I enjoyed my visit and thought I'd share it on here in case anyone else wants to go too - it's open until 14th July. It's a cunning way of combining two of this year's anniversaries, the Queen's Jubilee and the BCP, into one exhibition, which gives it a much broader appeal than if it had just been the BCP, for instance. There's something for everyone to enjoy seeing.
Obviously, there's a 1662 Book of Common Prayer on display, but there is much much more. The exhibition starts pre-Reformation, with some lovely medieval manuscripts, including the Chichele Breviary and Richard III's Book of Hours, as well as some incunabula, including the Beaufort Hours. I liked seeing the mixture of official books for the use of the clergy, as well as the smaller and more personal ones. The display cases are low enough down for the smaller books to be easy to see.
Pre- and post-Reformation liturgies are displayed, including early examples of the Protestant communion service, alongside the first edition (1549) of the BCP. And the turmoil of the years following Henry VIII's death is obvious, with a Latin Mass issued under Mary, and the books in English that appeared under Elizabeth.
|Queen Elizabeth's Prayer Book. Christian prayers and meditations in English, French, Italian, Spanish, Greeke, and Latine. London: John Day, 1569. Picture courtesy of Lambeth Palace Library.|
The exhibition then moves onto prayer books and the Civil War, with not only books on display, but also a medal commemorating the execution of Archbishop Laud and the gloves worn at the execution of Charles I. The special service to mark the 'martyrdom' of the King was shown, incorporated into the BCP. Further examples of prayer books take us to the publication of the BCP in 1662.
I found one of the most interesting sections was the display on the use of the BCP in other countries. This was illustrated with an array of editions in different languages, including Irish Gaelic (1608), French (1616), Dutch (1645), Indian and Chinese. This went right up to the 20th century, including examples where the English version has been revised, including the switch to "you" from "thou" in public prayer.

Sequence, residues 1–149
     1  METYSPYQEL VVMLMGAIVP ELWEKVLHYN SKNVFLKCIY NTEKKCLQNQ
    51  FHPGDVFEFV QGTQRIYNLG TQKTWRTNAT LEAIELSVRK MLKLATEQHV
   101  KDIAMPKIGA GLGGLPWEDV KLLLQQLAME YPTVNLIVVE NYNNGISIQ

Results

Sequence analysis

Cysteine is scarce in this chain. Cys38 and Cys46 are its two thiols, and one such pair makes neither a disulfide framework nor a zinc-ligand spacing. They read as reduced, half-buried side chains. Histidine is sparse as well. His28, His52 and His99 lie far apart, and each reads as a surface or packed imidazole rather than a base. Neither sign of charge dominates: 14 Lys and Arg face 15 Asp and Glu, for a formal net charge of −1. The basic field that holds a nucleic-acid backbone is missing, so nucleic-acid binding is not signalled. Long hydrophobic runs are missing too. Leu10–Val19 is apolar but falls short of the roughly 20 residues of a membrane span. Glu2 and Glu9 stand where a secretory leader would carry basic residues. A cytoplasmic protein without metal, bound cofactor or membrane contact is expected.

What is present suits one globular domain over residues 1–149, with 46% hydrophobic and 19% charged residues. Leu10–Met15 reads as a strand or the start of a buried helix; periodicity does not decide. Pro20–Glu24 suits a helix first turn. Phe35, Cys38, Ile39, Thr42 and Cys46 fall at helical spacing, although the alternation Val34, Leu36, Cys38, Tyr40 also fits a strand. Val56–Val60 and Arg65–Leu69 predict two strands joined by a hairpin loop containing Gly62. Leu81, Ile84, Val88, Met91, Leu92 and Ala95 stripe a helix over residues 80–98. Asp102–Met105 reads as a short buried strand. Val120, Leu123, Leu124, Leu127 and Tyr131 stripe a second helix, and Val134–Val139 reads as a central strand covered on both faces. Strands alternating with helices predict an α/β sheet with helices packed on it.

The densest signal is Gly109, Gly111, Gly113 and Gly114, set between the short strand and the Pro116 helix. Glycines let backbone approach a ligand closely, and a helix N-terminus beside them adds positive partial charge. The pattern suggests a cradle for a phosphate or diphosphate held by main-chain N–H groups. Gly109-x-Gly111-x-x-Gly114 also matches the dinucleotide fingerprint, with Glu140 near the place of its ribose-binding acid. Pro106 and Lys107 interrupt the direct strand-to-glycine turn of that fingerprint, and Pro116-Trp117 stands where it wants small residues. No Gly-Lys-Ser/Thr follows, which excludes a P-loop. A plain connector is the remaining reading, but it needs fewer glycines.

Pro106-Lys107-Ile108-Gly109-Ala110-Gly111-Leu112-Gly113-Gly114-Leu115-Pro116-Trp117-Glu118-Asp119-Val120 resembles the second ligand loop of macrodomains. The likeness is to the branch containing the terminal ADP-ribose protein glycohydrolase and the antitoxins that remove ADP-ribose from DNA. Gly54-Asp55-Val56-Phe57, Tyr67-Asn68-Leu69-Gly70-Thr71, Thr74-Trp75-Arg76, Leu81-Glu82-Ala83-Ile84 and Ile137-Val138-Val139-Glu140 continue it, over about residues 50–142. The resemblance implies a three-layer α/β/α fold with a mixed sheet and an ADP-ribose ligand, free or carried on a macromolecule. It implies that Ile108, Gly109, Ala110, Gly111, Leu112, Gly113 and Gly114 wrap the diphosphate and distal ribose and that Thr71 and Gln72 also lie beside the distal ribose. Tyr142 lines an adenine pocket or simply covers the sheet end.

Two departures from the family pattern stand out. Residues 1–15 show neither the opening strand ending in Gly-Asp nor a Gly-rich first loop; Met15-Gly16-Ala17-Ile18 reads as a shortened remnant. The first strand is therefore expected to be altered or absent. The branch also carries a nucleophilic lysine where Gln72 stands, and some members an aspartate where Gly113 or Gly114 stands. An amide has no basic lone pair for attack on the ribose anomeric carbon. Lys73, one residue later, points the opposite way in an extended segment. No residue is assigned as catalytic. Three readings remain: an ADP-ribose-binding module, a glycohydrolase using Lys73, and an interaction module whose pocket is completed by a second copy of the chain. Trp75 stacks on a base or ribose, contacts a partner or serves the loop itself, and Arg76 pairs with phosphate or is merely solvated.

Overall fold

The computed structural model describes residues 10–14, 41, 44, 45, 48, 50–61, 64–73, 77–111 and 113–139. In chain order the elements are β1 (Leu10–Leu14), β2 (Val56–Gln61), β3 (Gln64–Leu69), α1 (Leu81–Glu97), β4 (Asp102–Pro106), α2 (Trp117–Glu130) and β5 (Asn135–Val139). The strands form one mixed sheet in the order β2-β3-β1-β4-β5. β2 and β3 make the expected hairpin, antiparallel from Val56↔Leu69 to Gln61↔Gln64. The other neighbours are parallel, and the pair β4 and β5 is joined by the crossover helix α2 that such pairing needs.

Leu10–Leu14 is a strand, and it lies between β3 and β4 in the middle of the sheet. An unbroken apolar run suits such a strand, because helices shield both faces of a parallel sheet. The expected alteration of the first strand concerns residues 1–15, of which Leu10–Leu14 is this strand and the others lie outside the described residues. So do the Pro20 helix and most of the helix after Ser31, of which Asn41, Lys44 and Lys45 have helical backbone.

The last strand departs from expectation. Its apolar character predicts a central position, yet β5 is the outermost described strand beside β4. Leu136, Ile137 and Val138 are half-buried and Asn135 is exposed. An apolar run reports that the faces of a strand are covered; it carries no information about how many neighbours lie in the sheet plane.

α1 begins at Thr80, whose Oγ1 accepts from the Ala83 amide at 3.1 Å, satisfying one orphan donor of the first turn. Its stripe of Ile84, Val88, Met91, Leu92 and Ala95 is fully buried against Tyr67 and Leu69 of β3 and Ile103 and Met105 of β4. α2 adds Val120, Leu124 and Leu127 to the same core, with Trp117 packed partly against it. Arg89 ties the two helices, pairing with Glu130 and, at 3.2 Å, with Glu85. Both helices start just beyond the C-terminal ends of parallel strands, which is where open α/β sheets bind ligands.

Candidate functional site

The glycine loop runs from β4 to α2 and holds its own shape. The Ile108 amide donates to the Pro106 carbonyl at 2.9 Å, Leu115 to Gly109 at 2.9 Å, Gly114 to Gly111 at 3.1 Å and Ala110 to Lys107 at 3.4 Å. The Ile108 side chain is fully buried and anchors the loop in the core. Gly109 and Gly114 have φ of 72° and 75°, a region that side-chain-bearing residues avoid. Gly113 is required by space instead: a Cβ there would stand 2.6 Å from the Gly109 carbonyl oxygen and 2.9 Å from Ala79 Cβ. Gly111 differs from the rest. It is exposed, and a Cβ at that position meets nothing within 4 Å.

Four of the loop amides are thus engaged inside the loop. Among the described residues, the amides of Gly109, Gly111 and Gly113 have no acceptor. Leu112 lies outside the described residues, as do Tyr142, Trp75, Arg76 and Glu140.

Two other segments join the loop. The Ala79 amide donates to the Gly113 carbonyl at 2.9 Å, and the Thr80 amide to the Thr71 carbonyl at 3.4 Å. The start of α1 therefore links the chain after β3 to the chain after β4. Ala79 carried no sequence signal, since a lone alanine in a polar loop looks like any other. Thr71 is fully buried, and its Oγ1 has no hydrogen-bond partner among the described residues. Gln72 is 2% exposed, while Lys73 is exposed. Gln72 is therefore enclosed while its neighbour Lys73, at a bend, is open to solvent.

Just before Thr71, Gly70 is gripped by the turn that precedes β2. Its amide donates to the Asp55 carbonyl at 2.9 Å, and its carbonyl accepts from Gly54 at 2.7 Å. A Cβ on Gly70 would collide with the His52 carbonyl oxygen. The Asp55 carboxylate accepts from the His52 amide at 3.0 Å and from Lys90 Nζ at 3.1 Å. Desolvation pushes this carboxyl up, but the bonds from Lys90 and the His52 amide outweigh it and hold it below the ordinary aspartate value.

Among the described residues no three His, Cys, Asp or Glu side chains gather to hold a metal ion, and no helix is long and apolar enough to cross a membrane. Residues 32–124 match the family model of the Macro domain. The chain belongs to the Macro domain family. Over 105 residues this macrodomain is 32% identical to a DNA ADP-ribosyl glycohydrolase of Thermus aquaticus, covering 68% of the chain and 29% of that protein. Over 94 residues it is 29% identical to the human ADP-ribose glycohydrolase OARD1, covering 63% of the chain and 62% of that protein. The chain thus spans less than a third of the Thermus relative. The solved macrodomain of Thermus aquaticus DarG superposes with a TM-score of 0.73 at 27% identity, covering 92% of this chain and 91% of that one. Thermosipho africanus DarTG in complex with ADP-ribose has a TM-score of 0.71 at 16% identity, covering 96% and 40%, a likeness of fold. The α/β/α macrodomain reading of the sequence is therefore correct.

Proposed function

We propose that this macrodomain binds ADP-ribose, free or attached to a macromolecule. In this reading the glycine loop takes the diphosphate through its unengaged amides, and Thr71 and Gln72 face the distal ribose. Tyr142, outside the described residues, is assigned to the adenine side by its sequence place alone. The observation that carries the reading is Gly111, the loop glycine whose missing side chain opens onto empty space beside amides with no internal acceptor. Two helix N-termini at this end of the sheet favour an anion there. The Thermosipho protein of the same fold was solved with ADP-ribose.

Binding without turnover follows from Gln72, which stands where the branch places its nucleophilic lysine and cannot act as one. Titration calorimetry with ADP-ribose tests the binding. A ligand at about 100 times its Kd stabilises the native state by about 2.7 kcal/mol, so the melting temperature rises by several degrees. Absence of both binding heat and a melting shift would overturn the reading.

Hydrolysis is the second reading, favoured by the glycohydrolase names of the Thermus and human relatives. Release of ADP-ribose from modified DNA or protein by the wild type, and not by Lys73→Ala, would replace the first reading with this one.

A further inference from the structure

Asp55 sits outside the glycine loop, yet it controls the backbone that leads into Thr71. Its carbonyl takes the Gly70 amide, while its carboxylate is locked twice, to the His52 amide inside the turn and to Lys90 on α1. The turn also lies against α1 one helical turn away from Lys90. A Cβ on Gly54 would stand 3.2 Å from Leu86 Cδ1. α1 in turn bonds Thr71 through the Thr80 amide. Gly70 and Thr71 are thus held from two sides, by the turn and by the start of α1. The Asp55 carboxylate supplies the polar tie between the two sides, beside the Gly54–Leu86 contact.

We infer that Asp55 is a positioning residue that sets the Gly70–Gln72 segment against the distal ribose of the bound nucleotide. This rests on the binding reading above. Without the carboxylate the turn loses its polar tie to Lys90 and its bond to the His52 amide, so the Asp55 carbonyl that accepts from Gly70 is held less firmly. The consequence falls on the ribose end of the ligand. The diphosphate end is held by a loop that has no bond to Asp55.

The jump to the monarchy aspect of the exhibition was through the use of the prayer book for royal services. Exhibits in this section ranged from the manuscript report of the christening of Charles II, to the order of service used by the Archbishop of Canterbury last year for the wedding of Prince William and Catherine Middleton. The exhibition finishes with the 1662 BCP, but before that there is a case for the Queen's Diamond Jubilee, featuring examples of the coronation service dating back to 1685, and books of private devotion written specifically for the use of the monarch for their coronation.
In advance, I had wondered how the combination of the BCP and the Queen's jubilee would work together in an exhibition, but I thoroughly enjoyed seeing the range of material on display. I would highly recommend visiting if you're in the area.
|Manuale ad usum insignis ecclesiae Sarisburiensis. Rothomagi: apud Robertum Valentinum, 1554. This page shows the wedding service in Latin and English. Picture courtesy of Lambeth Palace Library.|